Anne Donovan, Hieroglyphics

As a format the short story is problematic: it takes some skill to carry off a whole book of them, and it takes an open mind to read them without feeling betrayal when they end prematurely.

Heiroglyphics, the title story of the collection reflects on the necessity or lack thereof, of communication in the modern world. It utilises the Glaswegian vernacular to show the artificial differences created by language. We hear the girl’s thoughts, and we see the simplicity of their desires which Donovan portrays excellently, capturing the tone of a lonely child desperate to be understood by those around her.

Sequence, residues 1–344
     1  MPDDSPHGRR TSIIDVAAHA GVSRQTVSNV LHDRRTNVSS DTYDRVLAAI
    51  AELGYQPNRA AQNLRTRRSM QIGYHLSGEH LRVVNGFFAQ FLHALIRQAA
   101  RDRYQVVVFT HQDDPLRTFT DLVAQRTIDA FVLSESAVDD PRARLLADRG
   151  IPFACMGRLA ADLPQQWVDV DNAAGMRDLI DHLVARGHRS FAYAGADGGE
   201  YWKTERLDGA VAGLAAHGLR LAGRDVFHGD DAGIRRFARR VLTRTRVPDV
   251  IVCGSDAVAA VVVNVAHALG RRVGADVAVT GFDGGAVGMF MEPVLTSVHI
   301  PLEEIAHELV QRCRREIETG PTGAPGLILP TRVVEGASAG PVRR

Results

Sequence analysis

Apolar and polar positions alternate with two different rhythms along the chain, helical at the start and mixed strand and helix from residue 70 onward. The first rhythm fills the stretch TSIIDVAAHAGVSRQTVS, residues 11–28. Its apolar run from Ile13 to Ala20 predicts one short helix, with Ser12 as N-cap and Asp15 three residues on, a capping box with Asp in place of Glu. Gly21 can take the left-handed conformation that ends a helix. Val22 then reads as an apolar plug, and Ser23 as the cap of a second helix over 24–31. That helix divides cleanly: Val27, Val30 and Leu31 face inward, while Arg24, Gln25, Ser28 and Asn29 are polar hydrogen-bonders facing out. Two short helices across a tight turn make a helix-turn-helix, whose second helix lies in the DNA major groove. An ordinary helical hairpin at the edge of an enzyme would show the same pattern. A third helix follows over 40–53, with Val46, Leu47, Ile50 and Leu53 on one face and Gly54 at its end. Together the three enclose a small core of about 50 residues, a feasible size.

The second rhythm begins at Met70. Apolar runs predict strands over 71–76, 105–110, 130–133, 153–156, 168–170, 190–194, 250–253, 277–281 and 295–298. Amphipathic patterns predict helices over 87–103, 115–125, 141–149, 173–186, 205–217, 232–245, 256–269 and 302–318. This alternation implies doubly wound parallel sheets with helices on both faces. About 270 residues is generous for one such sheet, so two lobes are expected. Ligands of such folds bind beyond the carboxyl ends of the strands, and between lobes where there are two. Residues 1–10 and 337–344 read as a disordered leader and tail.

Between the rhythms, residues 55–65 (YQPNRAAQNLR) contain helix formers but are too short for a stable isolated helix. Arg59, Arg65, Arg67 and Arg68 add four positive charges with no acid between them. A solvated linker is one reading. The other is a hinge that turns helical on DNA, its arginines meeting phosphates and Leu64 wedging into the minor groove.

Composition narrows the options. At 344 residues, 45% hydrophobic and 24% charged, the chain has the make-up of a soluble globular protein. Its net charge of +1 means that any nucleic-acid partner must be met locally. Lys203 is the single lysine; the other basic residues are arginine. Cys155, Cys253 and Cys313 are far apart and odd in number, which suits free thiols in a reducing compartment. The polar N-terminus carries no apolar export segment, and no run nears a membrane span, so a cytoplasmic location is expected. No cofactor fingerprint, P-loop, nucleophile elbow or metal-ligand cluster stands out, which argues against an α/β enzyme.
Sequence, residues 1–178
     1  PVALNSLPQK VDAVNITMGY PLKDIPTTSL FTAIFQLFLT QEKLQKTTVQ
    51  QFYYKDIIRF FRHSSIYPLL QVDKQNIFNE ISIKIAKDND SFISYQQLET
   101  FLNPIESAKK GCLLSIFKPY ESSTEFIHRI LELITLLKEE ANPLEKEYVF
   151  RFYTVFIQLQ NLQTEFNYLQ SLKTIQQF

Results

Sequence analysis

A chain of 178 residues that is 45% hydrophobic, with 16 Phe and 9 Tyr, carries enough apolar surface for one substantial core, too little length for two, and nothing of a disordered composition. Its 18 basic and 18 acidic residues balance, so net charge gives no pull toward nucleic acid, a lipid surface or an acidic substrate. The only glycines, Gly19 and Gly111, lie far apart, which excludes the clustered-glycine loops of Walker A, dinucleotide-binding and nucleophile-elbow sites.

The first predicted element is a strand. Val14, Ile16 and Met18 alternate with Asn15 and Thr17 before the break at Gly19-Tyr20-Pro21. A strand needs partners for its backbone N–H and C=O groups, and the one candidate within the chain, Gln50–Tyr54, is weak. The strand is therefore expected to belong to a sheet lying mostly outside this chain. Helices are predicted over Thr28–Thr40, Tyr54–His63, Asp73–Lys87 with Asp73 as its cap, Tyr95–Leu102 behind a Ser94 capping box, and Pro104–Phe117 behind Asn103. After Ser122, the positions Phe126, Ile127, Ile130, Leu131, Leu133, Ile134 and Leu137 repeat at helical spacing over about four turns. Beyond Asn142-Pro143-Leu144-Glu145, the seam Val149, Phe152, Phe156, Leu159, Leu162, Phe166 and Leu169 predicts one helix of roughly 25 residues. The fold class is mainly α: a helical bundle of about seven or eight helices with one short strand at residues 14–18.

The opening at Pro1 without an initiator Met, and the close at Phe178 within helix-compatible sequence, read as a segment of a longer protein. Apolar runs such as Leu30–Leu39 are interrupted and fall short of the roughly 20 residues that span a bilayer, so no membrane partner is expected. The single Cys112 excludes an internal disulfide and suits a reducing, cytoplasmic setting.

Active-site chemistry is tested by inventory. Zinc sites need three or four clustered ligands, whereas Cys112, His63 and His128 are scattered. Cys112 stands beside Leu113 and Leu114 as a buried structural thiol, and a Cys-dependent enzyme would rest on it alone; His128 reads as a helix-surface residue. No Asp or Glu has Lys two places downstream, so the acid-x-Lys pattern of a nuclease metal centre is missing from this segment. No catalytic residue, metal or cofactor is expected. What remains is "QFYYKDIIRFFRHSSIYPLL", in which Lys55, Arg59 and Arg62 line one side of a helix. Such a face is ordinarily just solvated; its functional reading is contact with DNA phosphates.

Although many of the characters are young Scottish girls, not all utilise the vibrant Gaelic dialect. Instead they are contrasted with more traditional ‘straight English’. In stories as diverse as that of a girl emailing a pen pal on Jupiter, to an elderly woman engaged in ‘Zimmerobics’ this provides amusement and insights into the peculiar world around us, while proving there’s more to Donovan than her linguistic gimmicery.

Donovan has crafted a thought provoking, though not amazing collection, which has so far impressed the judges at the Orange prize, and demonstrates a style that can only lead to more meaty offerings in the future.

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